Plasma Visfatin Concentrations and Fat Depot–Specific mRNA Expression in Humans

  1. Janin Berndt1,
  2. Nora Klöting2,
  3. Susan Kralisch2,
  4. Peter Kovacs2,
  5. Mathias Fasshauer2,
  6. Michael R. Schön3,
  7. Michael Stumvoll2 and
  8. Matthias Blüher12
  1. 1Junior Research Group, University of Leipzig, Leipzig, Germany
  2. 2Department of Internal Medicine, University of Leipzig, Leipzig, Germany
  3. 3Department of Surgery, University of Leipzig, Leipzig, Germany
  1. Address correspondence and reprint requests to Michael Stumvoll, MD, University of Leipzig, Medical Department III, Ph.-Rosenthal-Str. 27, D-04103, Leipzig, Germany. E-mail: michael.stumvoll{at}medizin.uni-leipzig.de

Abstract

Visceral and subcutaneous adipose tissue display important metabolic differences that underlie the association of visceral obesity with obesity-related cardiovascular and metabolic alterations. Recently, visfatin was identified as an adipokine, which is predominantly secreted from visceral adipose tissue both in humans and mice. In this study, we examined whether visfatin plasma concentrations (using enzyme immunosorbent assay) and mRNA expression (using RT-PCR) in visceral and subcutaneous fat correlates with anthropometric and metabolic parameters in 189 subjects with a wide range of obesity, body fat distribution, insulin sensitivity, and glucose tolerance. Visfatin plasma concentration correlates positively with the visceral visfatin mRNA expression (r2 = 0.17, P < 0.0001), BMI (r2 = 0.062, P = 0.004), percent body fat (r2 = 0.048, P = 0.01), and negatively with subcutaneous visfatin mRNA expression (r2 = 0.18, P < 0.0001). However, in a subgroup of 73 individuals, in which visceral fat mass was calculated from computed tomography scans, there was no correlation between plasma visfatin concentrations and visceral fat mass. We found no significant correlation between visfatin plasma concentrations and parameters of insulin sensitivity, including fasting insulin, fasting plasma glucose concentrations, and the glucose infusion rate during the steady state of an euglycemic-hyperinsulinemic clamp independent of percent body fat. Visfatin gene expression was not different between visceral and subcutaneous adipose tissue in the entire study group nor in selected subgroups. We found a significant correlation between visceral visfatin gene expression and BMI (r2 = 0.06, P = 0.001) and percent body fat (measured using dual-energy X-ray absorptiometry) (r2 = 0.044, P = 0.004), whereas no significant association between BMI or percent body fat and subcutaneous visfatin mRNA expression existed (both P >0.5). In conclusion, visfatin plasma concentrations and visceral visfatin mRNA expression correlated with measures of obesity but not with visceral fat mass or waist-to-hip ratio. In addition, we did not find differences in visfatin mRNA expression between visceral and subcutaneous adipose tissue in humans.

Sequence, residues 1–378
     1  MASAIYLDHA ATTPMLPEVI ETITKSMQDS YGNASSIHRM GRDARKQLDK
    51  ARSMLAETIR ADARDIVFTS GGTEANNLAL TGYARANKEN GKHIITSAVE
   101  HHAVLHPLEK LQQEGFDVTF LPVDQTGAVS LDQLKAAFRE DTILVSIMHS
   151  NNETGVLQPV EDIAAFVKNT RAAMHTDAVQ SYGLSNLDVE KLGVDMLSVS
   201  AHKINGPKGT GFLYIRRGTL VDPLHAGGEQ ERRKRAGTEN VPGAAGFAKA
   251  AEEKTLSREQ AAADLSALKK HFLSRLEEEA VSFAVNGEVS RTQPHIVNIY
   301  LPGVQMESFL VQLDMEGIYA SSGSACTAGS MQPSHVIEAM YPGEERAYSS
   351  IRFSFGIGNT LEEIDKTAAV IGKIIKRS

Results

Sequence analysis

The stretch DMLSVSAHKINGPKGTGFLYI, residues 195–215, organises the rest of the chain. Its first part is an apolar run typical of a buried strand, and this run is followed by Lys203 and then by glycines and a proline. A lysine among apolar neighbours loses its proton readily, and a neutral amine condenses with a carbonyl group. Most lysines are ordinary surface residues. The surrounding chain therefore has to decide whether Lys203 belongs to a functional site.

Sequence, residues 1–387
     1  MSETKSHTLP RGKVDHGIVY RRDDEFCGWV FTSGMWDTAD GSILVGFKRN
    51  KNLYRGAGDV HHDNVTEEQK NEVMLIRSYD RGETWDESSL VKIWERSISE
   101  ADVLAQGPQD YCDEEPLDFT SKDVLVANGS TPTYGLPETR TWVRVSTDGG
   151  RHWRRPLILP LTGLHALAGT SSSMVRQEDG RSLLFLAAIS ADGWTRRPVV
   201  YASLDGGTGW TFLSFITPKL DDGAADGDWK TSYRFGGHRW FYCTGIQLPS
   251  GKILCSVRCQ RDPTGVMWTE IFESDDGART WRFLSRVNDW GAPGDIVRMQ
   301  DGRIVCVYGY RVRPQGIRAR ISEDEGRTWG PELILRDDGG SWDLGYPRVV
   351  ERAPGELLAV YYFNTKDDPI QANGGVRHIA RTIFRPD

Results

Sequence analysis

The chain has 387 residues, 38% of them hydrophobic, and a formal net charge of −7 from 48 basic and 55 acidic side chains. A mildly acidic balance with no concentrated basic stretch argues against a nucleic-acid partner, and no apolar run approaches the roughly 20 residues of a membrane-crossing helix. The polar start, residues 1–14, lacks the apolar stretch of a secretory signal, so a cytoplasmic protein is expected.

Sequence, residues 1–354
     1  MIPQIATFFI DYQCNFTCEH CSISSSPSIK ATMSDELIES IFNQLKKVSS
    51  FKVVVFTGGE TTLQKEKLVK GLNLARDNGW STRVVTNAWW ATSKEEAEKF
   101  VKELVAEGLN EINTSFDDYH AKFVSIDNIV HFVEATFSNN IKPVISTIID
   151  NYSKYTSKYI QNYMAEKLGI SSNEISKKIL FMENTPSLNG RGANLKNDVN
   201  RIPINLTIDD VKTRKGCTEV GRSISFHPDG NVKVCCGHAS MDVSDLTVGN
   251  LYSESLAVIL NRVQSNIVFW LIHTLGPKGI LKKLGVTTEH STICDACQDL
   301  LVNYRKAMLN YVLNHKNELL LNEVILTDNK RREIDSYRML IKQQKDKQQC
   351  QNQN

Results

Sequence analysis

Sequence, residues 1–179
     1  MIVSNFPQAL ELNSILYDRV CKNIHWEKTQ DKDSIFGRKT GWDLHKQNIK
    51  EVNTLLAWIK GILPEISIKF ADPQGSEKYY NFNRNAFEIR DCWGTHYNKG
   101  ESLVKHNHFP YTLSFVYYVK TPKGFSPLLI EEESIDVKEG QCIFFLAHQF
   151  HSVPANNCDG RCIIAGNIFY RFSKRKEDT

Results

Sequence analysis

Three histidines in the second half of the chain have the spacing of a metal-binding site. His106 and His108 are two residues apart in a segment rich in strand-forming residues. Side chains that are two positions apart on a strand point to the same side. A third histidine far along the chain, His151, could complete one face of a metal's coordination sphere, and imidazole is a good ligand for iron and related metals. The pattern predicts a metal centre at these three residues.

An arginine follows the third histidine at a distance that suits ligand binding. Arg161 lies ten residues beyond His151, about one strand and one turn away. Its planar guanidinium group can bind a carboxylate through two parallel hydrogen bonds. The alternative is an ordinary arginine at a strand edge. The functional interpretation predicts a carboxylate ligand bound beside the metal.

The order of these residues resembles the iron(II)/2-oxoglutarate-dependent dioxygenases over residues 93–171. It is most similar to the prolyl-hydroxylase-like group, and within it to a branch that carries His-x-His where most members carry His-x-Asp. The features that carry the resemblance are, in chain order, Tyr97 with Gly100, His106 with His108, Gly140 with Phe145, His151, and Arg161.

Footnotes

    • Accepted June 28, 2005.
    • Received March 30, 2005.
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